In Jacobin Magazine this detailed examination, by Costas Lapavitsas, of the Brexit decision:
Why They Left
We in Canada would do well to read it for an appreciation of how Britain, a canary in our Western coal mine of corporate-led disenfranchisement of working people, has alienated all but the privileged as wages, health care and other social services disintegrate.
If the discontent that produced Brexit is recognized as a sign that revolutionary reforms to our global economic model are urgently needed, it may be the first step in a progressive movement.
If, alternatively, the powerful seize this crisis to preserve or fortify their oppressive corporate welfare state of affairs, it will become yet one more “shock” used by disaster capitalists to tighten their strangle hold on the rest of us. Naomi Klein’s The Shock Doctrine explains this brilliantly.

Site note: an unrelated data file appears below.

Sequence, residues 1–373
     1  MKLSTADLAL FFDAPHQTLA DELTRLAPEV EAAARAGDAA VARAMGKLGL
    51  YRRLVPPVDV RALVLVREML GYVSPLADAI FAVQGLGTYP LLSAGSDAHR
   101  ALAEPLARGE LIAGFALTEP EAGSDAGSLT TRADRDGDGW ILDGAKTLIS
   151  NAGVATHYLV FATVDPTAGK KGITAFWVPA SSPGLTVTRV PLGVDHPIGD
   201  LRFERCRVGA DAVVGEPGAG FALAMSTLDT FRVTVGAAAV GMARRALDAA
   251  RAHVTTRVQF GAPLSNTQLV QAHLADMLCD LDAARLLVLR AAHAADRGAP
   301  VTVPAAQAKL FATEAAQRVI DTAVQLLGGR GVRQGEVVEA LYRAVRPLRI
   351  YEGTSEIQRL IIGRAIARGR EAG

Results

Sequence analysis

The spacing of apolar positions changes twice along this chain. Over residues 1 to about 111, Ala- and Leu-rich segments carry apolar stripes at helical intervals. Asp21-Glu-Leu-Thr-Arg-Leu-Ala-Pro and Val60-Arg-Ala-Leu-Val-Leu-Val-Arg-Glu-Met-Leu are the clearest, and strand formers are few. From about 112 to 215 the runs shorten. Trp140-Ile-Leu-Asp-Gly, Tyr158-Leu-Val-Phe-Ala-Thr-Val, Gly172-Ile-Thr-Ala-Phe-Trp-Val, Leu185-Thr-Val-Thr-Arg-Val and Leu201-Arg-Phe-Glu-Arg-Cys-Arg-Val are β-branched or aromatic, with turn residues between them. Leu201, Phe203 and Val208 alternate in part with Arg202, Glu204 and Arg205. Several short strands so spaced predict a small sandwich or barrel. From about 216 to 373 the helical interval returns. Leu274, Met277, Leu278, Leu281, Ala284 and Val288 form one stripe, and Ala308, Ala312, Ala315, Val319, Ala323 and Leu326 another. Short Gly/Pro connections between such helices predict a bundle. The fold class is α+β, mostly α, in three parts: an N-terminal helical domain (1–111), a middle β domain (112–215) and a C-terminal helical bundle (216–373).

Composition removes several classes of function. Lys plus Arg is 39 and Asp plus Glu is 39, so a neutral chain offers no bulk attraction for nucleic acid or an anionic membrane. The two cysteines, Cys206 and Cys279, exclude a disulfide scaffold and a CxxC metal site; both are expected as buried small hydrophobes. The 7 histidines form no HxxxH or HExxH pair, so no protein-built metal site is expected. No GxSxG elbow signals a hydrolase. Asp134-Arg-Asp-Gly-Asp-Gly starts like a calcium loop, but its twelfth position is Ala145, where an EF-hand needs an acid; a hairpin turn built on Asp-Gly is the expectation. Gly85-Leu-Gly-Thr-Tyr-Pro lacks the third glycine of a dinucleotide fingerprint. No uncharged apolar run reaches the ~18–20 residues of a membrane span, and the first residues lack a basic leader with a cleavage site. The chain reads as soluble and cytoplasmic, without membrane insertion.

Chris Hedges discusses the possible financial fallout from Brexit. Caution: this article contains financial nudity…
This short article from Robert Parry is a very worthwhile read. I trust him on so many issues. He reflects here on the loss of trust produced by the realization that American leadership, like that in the EU, has resulted in policies that have not produced a system that respects, or works toward a secure future for, the average person. Wealth is increasingly funnelled upwards. Everyman has been betrayed. The outcome of the dangerous, but natural, human reaction to this is disquieting.
The piece’s final statement:
Right now, Clinton and the Democrats are carrying the banner of the Establishment, while Trump and his Republican insurgents fly the Jolly Roger. In a political year when the anti-establishment wave seems to be cresting, the Democrats may regret their choice of a legacy, status-quo candidate.